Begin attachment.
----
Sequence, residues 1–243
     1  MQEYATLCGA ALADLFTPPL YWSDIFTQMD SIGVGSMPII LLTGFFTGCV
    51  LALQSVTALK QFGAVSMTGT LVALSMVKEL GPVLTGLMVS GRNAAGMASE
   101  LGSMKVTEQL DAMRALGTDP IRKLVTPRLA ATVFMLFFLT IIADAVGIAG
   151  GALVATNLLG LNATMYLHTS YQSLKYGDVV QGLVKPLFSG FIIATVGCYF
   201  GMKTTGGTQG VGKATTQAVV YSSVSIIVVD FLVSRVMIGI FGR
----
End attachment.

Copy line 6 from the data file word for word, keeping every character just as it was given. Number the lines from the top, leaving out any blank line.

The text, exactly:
   201  GMKTTGGTQG VGKATTQAVV YSSVSIIVVD FLVSRVMIGI FGR